245 Partha Chatterjee, A Possible India: Essays in Political Criticism 280 (1997).

246 Srinivas Burra, TWAIL’s Others: A Caste Critique of TWAILers and Their Field of Analysis, 33 Wɪɴᴅsᴏʀ Y.B. Aᴄᴄᴇss Jᴜsᴛ. 111, 117 (2016).

247 Appiagyei-Atua, supra note 3, at 234.

248Id.

249Id. at 229–30.

250Id.

251 Id.

252 Steven Ratner, Ethics and International Law: Integrating the Global Justice Project(s), 5 Int’l Theory 1, 24–25 (2013).

253 Buchanan, supra note 16, at 453.

254 Natarajan et. al, supra note 44, at 1948;

255Id. at 1951; Buchanan, supra note 16, at 452.

256See Mickelson, supra note 60, at 355–56 (discussing how various backgrounds and points of view of international law shaped TWAIL approaches to international law).

257Id.; Natarajan et. al, supra note 44, at 1948; Xue, supra note 165, at 211–12; Tony Carty & Fozia Lone, Course at The University of Hong Kong Faculty of Law: National Views of International Law (June-July 2010); Antony Anghie & B. S. Chimni, Third World Approaches to International Law and Individual Responsibility in Internal Conflicts, 2 Chinese J. Int’l L. 77 (2003); TWAIL Conference at The American University in Cairo, 21–24 (Feb. 2015). See generally Third World Q. (illustrating a journal published since 1979 focusing on third world issues).

258 Christopher J. Borgen, The Language of Law and the Practice of Politics: Great Powers and the Rhetoric of Self-Determination in the Cases of Kosovo and South Ossetia, 10 Chinese J. Int’l L. 1, 32 (2009).

259 Badaru, supra note 58, at 384–85.

260Cf. Okafor, supra note 79, at 376.

261 Rein Müllerson, Precedents in the Mountains: On the Parallels and Uniqueness of the Cases of Kosovo, South Ossetia and Abkhazia, 8 Chinese J. Int’l L. 2, 2 (2009).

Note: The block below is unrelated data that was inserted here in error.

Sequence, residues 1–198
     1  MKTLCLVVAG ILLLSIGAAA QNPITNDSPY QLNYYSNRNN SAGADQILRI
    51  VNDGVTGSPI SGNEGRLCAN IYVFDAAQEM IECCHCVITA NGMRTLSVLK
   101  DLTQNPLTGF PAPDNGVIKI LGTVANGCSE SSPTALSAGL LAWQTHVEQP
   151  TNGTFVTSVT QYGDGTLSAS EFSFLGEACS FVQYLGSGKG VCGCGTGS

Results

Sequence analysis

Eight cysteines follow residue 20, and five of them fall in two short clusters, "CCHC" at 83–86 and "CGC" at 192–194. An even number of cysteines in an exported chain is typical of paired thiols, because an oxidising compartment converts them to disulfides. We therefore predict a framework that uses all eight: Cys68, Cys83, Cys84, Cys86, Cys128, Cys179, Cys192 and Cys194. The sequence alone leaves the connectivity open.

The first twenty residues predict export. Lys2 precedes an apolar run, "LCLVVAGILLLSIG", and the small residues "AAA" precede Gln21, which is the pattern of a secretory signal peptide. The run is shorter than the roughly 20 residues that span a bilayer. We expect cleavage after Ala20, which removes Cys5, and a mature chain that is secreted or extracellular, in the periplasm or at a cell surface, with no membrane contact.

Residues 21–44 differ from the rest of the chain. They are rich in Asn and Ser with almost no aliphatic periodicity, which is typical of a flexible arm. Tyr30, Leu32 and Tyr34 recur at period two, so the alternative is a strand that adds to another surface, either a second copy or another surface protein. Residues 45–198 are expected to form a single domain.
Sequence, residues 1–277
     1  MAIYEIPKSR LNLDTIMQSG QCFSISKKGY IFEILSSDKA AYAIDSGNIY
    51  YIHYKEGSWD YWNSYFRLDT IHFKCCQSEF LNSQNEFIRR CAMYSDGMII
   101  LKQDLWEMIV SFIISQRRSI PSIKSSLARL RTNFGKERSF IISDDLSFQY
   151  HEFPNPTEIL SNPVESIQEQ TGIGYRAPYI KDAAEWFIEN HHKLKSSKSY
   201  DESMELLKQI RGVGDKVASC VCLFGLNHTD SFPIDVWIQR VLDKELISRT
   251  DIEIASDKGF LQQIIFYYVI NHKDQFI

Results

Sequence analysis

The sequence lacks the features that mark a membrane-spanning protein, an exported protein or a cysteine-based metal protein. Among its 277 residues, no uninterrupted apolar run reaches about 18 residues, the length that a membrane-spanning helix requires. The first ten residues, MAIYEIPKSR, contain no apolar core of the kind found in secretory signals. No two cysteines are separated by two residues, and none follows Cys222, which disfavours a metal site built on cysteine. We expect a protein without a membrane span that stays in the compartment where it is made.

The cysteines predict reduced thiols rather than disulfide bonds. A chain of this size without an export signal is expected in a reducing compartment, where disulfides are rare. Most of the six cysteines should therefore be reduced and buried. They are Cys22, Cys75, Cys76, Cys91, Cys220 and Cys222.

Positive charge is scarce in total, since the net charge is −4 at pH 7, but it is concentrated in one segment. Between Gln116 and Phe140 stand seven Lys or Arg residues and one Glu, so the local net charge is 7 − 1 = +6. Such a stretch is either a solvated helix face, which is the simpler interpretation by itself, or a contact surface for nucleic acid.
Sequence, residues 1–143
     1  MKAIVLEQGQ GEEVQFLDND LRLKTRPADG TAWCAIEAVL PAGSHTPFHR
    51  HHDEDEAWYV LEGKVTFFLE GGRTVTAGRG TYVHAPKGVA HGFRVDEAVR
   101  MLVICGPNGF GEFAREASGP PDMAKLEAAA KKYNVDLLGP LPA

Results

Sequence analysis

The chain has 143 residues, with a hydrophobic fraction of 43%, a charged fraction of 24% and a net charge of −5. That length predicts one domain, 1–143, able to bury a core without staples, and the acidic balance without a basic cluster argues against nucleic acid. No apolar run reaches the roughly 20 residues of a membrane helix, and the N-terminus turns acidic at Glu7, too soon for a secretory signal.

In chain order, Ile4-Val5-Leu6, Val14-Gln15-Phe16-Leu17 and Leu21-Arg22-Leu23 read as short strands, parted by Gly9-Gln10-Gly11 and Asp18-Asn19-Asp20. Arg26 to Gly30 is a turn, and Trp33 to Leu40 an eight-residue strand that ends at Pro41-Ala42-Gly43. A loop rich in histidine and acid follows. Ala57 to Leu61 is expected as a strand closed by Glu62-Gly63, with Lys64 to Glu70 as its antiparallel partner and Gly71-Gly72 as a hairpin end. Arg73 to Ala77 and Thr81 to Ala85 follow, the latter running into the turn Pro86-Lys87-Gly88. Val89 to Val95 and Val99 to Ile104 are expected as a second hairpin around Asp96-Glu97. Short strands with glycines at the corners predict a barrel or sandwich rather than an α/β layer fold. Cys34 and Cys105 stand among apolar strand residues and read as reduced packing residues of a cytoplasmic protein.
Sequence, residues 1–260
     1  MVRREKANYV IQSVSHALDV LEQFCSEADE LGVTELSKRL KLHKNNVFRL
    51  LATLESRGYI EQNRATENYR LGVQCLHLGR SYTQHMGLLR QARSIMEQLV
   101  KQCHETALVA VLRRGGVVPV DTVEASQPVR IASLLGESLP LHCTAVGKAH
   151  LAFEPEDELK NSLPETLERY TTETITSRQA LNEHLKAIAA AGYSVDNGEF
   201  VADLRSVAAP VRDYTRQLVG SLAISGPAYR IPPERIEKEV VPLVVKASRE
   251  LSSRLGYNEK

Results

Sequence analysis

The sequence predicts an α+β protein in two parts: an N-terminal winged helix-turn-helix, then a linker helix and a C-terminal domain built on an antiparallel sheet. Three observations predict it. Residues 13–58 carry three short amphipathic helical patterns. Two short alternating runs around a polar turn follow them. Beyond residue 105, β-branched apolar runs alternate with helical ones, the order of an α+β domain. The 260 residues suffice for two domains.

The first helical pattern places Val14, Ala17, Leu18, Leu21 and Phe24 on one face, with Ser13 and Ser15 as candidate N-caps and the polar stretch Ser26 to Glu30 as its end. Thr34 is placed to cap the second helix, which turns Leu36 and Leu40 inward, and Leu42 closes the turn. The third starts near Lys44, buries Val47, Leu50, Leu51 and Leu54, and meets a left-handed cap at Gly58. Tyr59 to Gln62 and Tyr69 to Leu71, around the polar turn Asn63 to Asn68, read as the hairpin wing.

262Olivier Corten et al., New Approaches to International Law: The European and American Experiences 421–22 (José María Beneyto et al. eds., 2012); Lama Abu-Odeh, Post-Colonial Feminism and the Veil: Considering the Differences, 26 New Eng. L. Rev. 1527, 1533 (1992).

263 Xavier, supra note 21, at 229–31.

264 Odumosu, supra note 82, at 471.

265Anjali Ghosh, India’s Approach to Foreign Policy 357 (2009); Ronald C Keith, The Origins and Strategic Implications of China’s “Independent Foreign Policy” 41(1) Int’l J. 95, 95 (1986).

266 Appiagyei-Atua, supra note 3, at 231.

267 Galindo, supra note 57, at 46-47.

268 Anghie & Chimni, supra note 1, at 96.

269 Kennedy, supra note 116, at 335.

270 Galindo, supra note 57, at 41.

271 Kennedy, supra note 139, at 1685.

272 Odumosu, supra note 82, at 473; Natarajan, et al., supra note 44, at 11.

273 Parmar, supra note 22, at 366.

274Cf. Attar & Tava, supra note 18, at 14.

275 Odumosu, supra note 82, at 477.

276 Koskenniemi, supra note 138, at 32.

277 Attar & Tava, supra note 18, at 10.

278 Fleur Johns et al., Editors’ Introduction: India and International Law in the Periphery Series, 23 Leiden J. Int’l L. 1 (2010).

279 Fakhri, supra note 70, at 15.